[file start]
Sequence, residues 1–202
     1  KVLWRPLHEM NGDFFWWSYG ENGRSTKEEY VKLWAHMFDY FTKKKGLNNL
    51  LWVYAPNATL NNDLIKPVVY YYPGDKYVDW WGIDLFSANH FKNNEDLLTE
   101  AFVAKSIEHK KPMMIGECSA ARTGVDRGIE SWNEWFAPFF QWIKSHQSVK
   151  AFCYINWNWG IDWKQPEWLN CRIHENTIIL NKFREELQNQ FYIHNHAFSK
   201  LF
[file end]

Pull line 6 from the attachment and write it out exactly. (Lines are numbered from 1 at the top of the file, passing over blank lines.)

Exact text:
   201  LF